1. As God-Man, Christ provided a real propitiation.[1] The atoning work of the divine Son accomplished all that was necessity to secure our justification (Rom. 5:6-10; Gal. 2:16, 20; Heb. 10:11-14). His work was definite, eternal, and infallible, “Not dependent on the one willing, or the man running but on the eleōntos theou (‘the mercying God,’” Rom. 9:16). His reconciliatory work was accomplished vicariously on behalf of God’s predestined elect. God the Son satisfied both the penalty required for sin and the requirements of the law perfectly:

For if while we were enemies we were reconciled to God through the death of His Son, much more, having been reconciled, we shall be saved [‘from the wrath of God,’ v. 9] by His life” (Rom. 5:10).

The Son was God incarnate, the perfect sacrificial offering, who performed a definite atonement in His physical body:

having made peace through the blood of His cross. . . . 22 yet He has now reconciled you in His fleshly body through death, in order to present you before Him holy and blameless and beyond reproach (Col. 1:21, 22).

The Gospel of John unequivocally highlights the Son’s deity and personal distinction from the Father and Holy Spirit. However, it also features in the same robust way, the Son’s definite atonement (esp. John 1:29; 3:14-18; 6:37-39, 44; 8:43, 48; 10:15). John also enunciates the same in his Epistles. For example, 1 John 2:2: “And He Himself is the propitiation for our sins; and not for ours only, but also for those of the whole world.” John begins in verse 1, with the affirmation that Jesus Christ “the Righteous” is our Advocate when we sin. It is in light of this affirmation that John then assures his readers that the Righteous Christ “is the propitiation for our sins.”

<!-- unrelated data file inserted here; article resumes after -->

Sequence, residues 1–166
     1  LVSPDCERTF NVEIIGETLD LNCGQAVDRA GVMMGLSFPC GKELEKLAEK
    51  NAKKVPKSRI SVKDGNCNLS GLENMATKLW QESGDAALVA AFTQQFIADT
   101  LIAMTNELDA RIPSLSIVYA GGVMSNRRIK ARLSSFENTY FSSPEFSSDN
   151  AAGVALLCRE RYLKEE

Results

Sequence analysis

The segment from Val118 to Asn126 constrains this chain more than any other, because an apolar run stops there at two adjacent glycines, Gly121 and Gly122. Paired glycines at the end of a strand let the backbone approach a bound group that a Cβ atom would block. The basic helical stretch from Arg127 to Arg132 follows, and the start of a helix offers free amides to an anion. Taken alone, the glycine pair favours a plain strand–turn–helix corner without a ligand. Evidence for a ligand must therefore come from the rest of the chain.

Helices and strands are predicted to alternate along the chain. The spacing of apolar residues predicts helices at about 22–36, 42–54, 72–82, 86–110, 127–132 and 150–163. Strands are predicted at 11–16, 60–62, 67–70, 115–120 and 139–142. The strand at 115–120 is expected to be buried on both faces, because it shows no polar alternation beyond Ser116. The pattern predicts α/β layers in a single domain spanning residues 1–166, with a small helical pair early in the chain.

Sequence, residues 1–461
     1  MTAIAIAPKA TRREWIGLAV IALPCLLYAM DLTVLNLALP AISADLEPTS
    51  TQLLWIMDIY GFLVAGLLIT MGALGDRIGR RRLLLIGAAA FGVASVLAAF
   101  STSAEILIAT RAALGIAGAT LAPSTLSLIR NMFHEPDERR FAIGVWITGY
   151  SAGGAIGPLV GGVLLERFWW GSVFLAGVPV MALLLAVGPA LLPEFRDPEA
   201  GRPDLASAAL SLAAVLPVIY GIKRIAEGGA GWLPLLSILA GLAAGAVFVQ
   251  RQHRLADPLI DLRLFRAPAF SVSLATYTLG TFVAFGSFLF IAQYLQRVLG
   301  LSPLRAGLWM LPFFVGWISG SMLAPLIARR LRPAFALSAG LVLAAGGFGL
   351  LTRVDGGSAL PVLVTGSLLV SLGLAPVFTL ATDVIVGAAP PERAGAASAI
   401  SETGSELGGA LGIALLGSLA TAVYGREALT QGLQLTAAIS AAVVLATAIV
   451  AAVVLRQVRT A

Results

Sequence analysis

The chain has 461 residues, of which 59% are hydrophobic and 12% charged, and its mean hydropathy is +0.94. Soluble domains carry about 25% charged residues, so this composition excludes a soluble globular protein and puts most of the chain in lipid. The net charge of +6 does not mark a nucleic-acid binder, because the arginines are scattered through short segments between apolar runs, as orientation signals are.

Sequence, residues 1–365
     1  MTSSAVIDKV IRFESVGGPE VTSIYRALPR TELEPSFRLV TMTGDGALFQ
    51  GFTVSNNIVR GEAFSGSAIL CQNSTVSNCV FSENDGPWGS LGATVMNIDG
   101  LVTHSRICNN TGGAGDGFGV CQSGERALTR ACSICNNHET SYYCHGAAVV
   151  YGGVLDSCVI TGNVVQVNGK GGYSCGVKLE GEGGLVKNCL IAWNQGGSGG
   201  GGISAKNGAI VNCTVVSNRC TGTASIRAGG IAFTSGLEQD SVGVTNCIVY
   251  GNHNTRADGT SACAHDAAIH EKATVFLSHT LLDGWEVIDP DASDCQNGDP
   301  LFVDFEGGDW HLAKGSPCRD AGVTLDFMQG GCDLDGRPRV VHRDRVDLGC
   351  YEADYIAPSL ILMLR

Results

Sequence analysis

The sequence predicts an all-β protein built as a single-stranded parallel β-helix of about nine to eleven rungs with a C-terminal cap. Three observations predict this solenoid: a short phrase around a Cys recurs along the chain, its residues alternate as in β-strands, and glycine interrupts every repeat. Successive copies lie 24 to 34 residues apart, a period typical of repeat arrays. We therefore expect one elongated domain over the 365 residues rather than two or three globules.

The term “propitiation” (“atoning sacrifice,” NET, NIV) is from the Greek noun, hilasmos, from the verb hilaskomai, which has the linguistic idea “an appeasing, propitiating” (Thayer); “appeasement necessitated by sin, expiation” (BDAG); “a means by which sins are forgiven, sin-offering” (Newman); “atoning sacrifice, sin offering” (Mounce). The noun is only used here and 1 John 4:10 (verb used only at Luke 18:13 and Heb. 2:17).[2]

The real death of Christ appeased God. The first clause reads, Kai autos hilasmos estin (lit., “And He Himself propitiation is”). Note that the verb “IS” (estin) is in the present tense (“He is”), not a future tense (denoting possibility—as “He will be.” The present action of the verb along with its indicative mood (i.e., a mood of certainty) specifies the definiteness of the propitiatory (atoning) action. This is in contrast to the Arminian notion of a universal, hypothetical atonement, which did not redeem anyone specific.

The Son’s cross work was accomplished in His incarnate state. The NT affirms very plainly that the atoning sacrificial work was accomplished in His physical body (Rom. 7:4-6; Col. 1:21-22; Heb. 10:10; 1 Pet. 2:24), in His life (Rom. 5:10), through His blood (Acts 20:28; Rom. 3:25; 5:9; Eph. 1:7; Col. 1:20; Heb. 9:12; 1 Pet. 1:2, 18-19; 1 John 1:7), on the cross (Eph. 2:16; Col. 1:20; 2:14-15), and in His death (Rom. 5:10; Col. 1:21-22; Heb. 2:9-10, 14; 9:15).